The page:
Tomasz Radzinski, walks off the grass in Edmonton wearing a "Sack the CSA" shirt following a World Cup qualifier against Mexico on Oct. 16, 2008. (Benjamin Massey/Eighty Six Forever)

Canadian Soccer Association Reform Was Years In The Making

Benjamin Massey, of SB Nation's Vancouver Whitecaps blog 86 Forever, shares his thoughts on the CSA's decision to implement significant changes in the way its leadership is selected.

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Canadian Soccer Association Reform Was Years In The Making

By Benjamin Massey - 86 Forever

Ask most die-hard soccer fans around the country and they'll say reform of the Canadian Soccer Association has been decades in coming. But for most of the country, it all started one Wednesday in Toronto.

To Canadian soccer supporters, Sept. 12, 2007 will live on as "Black Wednesday". The Voyageurs, Canada's national soccer supporters group, along with like-minded Canada fans donned black shirts carrying the simple message "Sack the CSA". Canada had grown tired of the Canadian Soccer Association's constantly nickel-and-diming both the international teams and the development of the game while flying to whichever far-flung corner of the globe had some sort of tangential soccer connection with tickets paid for using youth soccer registration dollars. A passionate Canadian soccer fan named Dino Rossi (now president of the Canadian Soccer League's Milltown FC) sold T-shirts which later appeared on Canadian national star Tomasz Radzinski and spearheaded a protest that was major news in the National Post, the CBC, and anywhere Canadian soccer was covered. Not only were Canadian fans discontented, but the world now knew about it.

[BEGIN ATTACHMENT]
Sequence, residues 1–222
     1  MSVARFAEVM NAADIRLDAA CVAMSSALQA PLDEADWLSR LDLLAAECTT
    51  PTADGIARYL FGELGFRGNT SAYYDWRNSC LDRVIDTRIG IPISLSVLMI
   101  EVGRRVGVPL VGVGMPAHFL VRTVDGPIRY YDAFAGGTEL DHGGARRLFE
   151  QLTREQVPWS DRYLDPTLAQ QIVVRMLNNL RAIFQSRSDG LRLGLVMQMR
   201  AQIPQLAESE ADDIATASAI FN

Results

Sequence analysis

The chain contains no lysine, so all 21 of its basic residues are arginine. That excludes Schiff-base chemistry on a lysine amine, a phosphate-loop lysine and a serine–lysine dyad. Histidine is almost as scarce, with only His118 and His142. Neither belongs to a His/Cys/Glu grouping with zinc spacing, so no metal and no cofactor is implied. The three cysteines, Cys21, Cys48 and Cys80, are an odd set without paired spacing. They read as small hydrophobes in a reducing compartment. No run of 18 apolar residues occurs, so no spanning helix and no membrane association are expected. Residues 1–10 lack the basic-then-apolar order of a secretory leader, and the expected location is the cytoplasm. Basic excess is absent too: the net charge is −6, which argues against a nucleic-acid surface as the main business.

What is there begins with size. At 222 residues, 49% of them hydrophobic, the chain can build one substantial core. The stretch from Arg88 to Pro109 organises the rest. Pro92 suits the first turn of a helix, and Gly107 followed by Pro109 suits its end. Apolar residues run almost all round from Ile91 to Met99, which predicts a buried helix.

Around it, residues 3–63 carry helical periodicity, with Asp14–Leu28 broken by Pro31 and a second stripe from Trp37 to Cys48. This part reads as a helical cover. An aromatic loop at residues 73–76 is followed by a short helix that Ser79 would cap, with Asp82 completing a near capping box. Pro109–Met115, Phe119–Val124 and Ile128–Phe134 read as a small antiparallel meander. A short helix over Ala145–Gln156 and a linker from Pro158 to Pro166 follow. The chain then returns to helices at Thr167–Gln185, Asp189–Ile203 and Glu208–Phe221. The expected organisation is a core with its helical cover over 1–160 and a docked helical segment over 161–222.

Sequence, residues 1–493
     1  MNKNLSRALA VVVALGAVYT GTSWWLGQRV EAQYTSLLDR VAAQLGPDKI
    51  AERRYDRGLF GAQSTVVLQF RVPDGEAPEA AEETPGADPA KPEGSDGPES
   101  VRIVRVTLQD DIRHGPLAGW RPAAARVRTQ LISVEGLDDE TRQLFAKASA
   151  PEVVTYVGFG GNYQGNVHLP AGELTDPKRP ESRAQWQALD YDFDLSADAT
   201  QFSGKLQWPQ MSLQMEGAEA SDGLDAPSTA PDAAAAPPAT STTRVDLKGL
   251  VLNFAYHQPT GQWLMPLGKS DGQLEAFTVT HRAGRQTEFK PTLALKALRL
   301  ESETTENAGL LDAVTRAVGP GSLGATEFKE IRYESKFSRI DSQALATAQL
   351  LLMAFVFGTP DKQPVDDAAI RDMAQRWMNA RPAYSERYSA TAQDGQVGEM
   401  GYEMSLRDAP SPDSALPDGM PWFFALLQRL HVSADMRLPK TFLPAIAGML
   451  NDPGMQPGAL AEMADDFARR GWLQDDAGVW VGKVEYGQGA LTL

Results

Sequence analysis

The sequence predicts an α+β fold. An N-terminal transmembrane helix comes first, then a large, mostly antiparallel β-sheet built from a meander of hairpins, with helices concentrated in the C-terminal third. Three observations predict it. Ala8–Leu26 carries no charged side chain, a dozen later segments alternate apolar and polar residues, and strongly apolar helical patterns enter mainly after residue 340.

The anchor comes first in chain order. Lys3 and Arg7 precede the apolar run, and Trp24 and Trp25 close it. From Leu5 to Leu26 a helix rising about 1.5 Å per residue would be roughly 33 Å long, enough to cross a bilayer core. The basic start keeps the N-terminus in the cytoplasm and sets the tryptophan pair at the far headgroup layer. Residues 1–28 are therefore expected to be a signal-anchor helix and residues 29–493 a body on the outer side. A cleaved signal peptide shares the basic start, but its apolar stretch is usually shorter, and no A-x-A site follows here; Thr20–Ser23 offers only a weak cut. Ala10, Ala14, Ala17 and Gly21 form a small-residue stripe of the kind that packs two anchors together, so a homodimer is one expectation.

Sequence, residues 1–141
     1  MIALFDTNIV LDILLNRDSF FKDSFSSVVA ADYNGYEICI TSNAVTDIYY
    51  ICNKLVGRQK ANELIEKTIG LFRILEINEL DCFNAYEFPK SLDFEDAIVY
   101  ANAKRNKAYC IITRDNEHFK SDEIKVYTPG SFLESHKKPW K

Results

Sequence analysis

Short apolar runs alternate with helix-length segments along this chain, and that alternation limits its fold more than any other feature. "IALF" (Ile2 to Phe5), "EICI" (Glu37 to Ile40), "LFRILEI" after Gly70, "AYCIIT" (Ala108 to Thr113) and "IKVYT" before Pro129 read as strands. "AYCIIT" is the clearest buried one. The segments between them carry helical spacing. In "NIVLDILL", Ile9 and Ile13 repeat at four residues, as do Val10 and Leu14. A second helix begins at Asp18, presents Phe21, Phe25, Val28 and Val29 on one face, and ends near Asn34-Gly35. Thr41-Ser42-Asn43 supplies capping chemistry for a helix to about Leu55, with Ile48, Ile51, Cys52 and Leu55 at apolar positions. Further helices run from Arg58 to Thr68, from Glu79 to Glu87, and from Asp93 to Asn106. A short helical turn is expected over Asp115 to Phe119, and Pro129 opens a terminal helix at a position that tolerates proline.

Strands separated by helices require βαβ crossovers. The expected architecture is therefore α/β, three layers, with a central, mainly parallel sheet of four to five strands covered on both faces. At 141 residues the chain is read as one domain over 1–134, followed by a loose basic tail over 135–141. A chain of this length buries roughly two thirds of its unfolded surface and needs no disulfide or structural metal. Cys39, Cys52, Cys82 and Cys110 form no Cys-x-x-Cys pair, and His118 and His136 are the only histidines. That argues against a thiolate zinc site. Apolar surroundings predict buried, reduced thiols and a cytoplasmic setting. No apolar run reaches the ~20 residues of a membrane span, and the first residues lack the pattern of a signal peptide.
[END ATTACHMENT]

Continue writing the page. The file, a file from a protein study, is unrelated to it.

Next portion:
It wasn't a straight line from that moment to the CSA's general meeting on Saturday, two and a half years later, when after a lifetime of debate and dissension the CSA finally agreed on much-needed reform. But it was a major milestone on a road walked by countless Canadian soccer fans, coaches, and players as the CSA finally proved that it could put soccer first after all.